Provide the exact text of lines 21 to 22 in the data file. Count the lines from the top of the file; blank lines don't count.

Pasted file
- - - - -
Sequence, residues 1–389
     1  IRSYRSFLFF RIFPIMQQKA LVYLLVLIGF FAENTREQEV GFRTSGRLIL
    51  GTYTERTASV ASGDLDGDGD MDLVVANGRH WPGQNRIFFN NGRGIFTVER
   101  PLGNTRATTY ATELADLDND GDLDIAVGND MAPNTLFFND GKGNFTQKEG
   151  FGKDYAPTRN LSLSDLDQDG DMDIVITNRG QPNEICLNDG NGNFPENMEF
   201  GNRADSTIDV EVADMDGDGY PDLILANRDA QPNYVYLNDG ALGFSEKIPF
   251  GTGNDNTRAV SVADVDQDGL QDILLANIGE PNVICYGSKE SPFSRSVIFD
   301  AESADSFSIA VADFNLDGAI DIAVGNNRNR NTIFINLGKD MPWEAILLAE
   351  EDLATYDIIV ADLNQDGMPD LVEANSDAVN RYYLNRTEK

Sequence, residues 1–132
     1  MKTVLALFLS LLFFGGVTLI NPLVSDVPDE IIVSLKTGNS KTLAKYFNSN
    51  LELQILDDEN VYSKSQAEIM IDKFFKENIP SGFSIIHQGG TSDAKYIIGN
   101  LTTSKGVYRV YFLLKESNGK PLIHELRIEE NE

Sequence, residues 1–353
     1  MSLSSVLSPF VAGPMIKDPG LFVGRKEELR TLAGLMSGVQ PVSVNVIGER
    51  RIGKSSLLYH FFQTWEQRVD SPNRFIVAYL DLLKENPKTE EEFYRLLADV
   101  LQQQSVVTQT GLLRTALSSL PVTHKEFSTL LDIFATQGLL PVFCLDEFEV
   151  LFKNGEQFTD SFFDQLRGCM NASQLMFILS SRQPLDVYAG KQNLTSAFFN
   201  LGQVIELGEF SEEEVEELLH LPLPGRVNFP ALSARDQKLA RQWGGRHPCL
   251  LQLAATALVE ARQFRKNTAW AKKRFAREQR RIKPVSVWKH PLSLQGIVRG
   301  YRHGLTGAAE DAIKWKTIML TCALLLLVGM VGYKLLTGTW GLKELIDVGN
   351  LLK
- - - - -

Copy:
   301  YRHGLTGAAE DAIKWKTIML TCALLLLVGM VGYKLLTGTW GLKELIDVGN
   351  LLK